Did you miss the last reader letter? Find it here...

~ Heather's Tummy Tamers ~
For the Dietary Management of Abdominal Pain &, Bloating
IBS Peppermint Caps
Peppermint Oil Caps with Fennel and Ginger Are Amazing!

Because our Peppermint Oil Caps have the added benefits of fennel and ginger oils, they are truly unbeatable for preventing abdominal pain, gas, and bloating!

divider Peppermint Oil Caps Called Drug of First Choice for IBS
A recent study in Phytomedicine reviewed 16 clinical trials investigating 180-200 mg enteric-coated peppermint oil capsules in irritable bowel syndrome. Nine out of 16 studies were randomized double blind cross over trials, five had a randomized double blind parallel group design and two were open labeled studies.

Placebos were used in 12 trials and anticholinergics (smooth muscle relaxant drugs) in three studies as comparator. Eight out of 12 placebo controlled studies showed statistically significant effects in favor of peppermint oil capsules. Average response rates in terms of "overall success" were 58% (range 39-79%) for peppermint oil caps versus 29% (range 10-52%) for placebo. The three studies versus smooth muscle relaxants did not show differences between treatments; in other words, the peppermint oil capsules were as effective as the drugs. The study noted that both anticholinergic drugs and 5HT3/4-ant/agonists (such as Zelnorm and Lotronex) do not offer superior improvement rates over peppermint oil caps.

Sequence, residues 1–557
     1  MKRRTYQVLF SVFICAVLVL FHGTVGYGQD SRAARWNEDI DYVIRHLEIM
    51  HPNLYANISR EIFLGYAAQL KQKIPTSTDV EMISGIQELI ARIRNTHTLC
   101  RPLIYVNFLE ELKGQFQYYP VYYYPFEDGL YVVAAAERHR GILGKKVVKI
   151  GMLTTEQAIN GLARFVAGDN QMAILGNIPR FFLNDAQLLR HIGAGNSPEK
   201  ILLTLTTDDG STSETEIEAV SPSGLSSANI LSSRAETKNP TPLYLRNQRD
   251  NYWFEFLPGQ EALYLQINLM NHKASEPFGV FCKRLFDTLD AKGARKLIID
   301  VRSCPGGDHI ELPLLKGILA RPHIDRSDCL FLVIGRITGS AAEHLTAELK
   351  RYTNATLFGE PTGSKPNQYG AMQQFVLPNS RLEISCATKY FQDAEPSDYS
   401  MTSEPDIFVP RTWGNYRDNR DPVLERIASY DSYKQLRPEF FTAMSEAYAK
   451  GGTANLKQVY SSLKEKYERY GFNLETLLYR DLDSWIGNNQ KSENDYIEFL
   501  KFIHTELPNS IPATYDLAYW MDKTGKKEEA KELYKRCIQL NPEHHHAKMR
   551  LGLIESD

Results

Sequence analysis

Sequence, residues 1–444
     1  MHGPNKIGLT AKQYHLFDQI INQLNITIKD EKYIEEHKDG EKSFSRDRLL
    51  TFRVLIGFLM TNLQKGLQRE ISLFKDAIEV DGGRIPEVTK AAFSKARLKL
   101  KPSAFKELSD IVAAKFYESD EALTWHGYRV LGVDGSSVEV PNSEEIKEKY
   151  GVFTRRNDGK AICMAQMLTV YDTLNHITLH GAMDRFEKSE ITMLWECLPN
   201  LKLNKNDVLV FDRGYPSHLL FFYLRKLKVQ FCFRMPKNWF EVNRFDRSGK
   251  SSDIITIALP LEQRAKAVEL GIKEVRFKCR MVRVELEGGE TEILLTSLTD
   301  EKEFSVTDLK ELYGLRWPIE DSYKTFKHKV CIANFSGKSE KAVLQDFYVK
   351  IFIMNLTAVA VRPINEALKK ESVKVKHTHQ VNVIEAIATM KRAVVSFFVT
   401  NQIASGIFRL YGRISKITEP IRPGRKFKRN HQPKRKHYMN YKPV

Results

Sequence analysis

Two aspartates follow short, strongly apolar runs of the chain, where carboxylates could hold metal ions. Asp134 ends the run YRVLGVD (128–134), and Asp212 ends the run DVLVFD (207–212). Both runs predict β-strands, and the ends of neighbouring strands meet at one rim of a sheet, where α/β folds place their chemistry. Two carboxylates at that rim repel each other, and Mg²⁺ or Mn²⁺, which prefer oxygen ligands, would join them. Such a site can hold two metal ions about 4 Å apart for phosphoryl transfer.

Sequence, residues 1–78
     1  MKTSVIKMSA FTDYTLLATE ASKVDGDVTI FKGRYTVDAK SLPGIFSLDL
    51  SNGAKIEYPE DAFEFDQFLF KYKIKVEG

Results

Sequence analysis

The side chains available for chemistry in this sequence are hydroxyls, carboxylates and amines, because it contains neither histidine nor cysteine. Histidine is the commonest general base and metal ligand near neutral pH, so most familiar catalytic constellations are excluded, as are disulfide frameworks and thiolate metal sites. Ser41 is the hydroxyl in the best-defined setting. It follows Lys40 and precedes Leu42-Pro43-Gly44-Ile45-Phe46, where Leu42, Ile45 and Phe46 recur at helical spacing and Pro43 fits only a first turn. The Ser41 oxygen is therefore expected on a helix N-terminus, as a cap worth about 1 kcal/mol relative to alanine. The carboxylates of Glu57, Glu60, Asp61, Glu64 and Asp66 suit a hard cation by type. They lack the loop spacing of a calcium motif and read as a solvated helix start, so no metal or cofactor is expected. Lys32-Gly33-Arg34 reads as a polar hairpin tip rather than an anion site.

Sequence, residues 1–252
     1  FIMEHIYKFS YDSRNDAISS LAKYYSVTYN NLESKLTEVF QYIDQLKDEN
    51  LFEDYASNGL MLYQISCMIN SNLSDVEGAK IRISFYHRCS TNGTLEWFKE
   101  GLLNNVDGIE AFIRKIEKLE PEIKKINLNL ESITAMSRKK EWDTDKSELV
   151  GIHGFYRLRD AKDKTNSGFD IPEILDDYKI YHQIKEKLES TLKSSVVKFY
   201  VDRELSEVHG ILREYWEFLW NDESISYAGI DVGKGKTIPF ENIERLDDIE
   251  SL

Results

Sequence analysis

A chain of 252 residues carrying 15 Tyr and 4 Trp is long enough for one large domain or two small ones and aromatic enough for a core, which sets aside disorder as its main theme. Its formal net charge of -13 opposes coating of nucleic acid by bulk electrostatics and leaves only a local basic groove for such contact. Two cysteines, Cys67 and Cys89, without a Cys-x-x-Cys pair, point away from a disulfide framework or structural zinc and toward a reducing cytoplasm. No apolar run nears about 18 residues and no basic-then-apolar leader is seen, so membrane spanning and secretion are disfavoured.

Taking into account the currently available drug treatments for IBS, the study noted that peppermint oil capsules may be the drug of first choice in IBS patients with non-serious constipation or diarrhea to alleviate general symptoms and to improve quality of life. Go here for more information about peppermint oil capsules...

Go here for more information about this study...

Mechanisms of IBS, Altered Motility & Visceral Sensitivity
A recent article in Current Opinions in Gastroenterology addressed the pathophysiologic mechanisms, altered gastrointestinal motility, and visceral hypersensitivity in IBS. The article found that recent evidence strongly suggests that the primary pathophysiologic mechanism of IBS involves a dysregulation in brain-gut interactions. Many central and peripheral factors (genetic predisposition, environmental factors, chronic stress, inflammation or infection) may contribute to an altered brain-gut axis. Those alterations may eventually cause disorders of mucosal immune response, intestinal motility and permeability, and visceral sensitivity that produce abdominal pain or discomfort and compromised bowel function. Go here for more information about this study...

Role of Stress, Infection, and Inflammation in IBS
A recent article in Current Opinions in Gastroenterology found that the role of stress may be particularly important in altering brain-gut interactions, resulting in the development or exacerbation of IBS symptoms. Rectal distention studies in IBS patients have shown altered visceral perception and neuro-endocrine responses to a stressor compared with healthy controls. Although stress affects the gut in both healthy individuals and IBS patients, new evidence suggests there may be greater reactivity in the major mediator of stress in the brain-gut axis, corticotrophin-releasing factor (CRF).